At age 14, Texan Bo Halley began his career in chicken farming alongside his twin brother, Sam—they learned the ropes from their father. As contract growers, the Halleys raised six batches of chickens per year—192,000 birds per batch—for 30 years in 12 factory-style houses on their family farm in Cookville, Texas. But when faced with mounting financial and health troubles from chicken farming, Bo and Sam decided to give up raising birds for good.
They teamed up with their sister, Devvie Deany, and her partner, Evan Penhasi, to switch to growing hemp. With the support of Transfarmation, they successfully completed their first hemp harvest.
We knew we couldn’t keep contract farming animals but didn’t know where to turn for help—what could we do with 12 empty chicken houses? Although we had stopped raising chickens and were extremely thankful to finally be out of the business, we still had bills to pay and a leftover loan. … I’d farmed crops before, but I’d never grown hemp, so I was just expecting new challenges and new things. We just decided to get into it and start with an acre.
Having decided to stop chicken farming, Bo, Sam, Devvie, and Evan began researching and exploring other uses for the chicken houses. They soon learned about Transfarmation and the opportunity to grow hemp plants.
When it became obvious that the business was not something that made financial sense, we decided to ... eat the debt and shut down the chicken houses and look for a different option in order for the farm to make money, and, most importantly, to find some sort of a long-term, viable business that doesn’t include animal suffering.
We were so happy to have support from an organization dedicated to helping us transition. … Since our first phone call with them, we’ve known that they care and are invested in seeing us succeed. At every turn, people with expertise have been there to consult with, and someone from Transfarmation has checked in with us to make sure we have everything we need to succeed.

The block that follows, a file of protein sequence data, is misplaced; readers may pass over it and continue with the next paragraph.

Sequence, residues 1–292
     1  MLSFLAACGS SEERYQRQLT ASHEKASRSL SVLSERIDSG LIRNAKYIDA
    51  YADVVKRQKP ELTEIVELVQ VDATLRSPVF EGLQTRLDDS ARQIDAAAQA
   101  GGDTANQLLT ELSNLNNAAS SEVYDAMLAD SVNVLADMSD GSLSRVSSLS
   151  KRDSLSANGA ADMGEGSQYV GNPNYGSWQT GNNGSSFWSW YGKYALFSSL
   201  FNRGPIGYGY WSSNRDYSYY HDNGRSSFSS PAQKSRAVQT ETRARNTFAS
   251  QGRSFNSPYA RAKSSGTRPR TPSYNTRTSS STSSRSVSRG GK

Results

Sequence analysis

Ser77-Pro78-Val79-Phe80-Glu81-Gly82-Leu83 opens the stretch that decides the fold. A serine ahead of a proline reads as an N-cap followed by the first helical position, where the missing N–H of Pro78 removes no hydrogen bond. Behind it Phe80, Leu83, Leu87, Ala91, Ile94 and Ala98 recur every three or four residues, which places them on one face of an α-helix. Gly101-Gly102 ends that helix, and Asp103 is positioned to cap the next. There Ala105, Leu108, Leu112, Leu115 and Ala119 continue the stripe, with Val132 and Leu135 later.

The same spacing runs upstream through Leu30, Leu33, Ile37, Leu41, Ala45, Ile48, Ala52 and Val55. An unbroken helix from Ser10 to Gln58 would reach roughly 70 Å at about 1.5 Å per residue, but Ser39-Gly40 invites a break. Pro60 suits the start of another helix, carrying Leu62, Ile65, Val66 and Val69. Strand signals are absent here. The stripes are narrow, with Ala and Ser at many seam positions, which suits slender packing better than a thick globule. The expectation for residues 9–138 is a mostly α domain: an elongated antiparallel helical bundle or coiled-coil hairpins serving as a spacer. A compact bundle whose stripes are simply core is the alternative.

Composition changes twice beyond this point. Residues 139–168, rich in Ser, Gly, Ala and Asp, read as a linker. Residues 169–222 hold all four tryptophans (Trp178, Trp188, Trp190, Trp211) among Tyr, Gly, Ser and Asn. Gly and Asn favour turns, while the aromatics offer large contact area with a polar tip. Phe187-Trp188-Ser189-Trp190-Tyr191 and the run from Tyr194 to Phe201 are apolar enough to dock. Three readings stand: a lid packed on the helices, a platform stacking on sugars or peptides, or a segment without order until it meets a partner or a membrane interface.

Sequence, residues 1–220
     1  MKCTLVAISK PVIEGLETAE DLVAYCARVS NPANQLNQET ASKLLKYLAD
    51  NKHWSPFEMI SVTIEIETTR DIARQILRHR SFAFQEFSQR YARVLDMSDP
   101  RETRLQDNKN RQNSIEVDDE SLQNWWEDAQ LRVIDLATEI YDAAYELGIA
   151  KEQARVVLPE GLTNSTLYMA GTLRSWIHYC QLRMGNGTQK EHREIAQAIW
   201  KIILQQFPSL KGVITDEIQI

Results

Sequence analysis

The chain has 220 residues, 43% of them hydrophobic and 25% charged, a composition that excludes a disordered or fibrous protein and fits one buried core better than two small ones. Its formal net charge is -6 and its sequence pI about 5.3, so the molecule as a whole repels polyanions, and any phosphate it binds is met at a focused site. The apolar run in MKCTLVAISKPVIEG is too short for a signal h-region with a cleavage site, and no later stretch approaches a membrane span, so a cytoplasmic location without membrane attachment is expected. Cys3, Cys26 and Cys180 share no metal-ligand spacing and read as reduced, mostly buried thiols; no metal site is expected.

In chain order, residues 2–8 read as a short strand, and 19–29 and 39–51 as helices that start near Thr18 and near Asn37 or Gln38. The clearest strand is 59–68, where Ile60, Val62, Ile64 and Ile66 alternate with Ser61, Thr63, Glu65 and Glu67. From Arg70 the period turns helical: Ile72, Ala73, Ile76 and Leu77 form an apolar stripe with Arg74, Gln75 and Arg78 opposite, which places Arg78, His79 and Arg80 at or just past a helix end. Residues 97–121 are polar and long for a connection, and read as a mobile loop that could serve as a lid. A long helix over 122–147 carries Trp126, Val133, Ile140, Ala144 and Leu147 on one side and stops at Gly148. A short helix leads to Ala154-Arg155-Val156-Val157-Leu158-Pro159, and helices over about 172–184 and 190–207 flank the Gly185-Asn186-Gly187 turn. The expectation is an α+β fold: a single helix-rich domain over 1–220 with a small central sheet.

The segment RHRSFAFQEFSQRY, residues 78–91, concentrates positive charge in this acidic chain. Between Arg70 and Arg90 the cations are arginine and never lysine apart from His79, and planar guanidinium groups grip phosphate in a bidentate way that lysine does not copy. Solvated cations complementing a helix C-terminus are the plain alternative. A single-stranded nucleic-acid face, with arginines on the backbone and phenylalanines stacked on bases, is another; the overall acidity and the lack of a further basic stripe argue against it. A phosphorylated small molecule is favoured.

It’s been really great to see Bo and Sam go from very troubled, angry, and broken people while the chicken houses were here to just flourishing with joy working with the plants. It just melts your heart. There’s no other way to say it. How can you not love that? How can you not want to see that? How can you not want to see other people succeed or get out from underneath crushing circumstances and flourish and thrive? So really, it’s about helping them to do something different that they’ll carry on, that they’ll take on so that this 1,000-acre farm can be here for their children.
The Halleys would recommend transitioning to growing plants to any poultry farmer, not simply for the better financial investment and payoff but for the heightened quality of life on the farm.
Number one, don’t be afraid. I think fear holds us back from change, and we wind up getting stuck in something for months, for years, maybe for our entire lives, and we go through so much hardship and suffering that’s needless. If we just kick that fear to the side and be open to learning something new, and with the help of other farmers who’ve been through this before them, I would hope that other farmers would be open to change and open to growth and know that they’re not alone. They’re not alone. There are others who have felt that way before them, and we can all get through this together.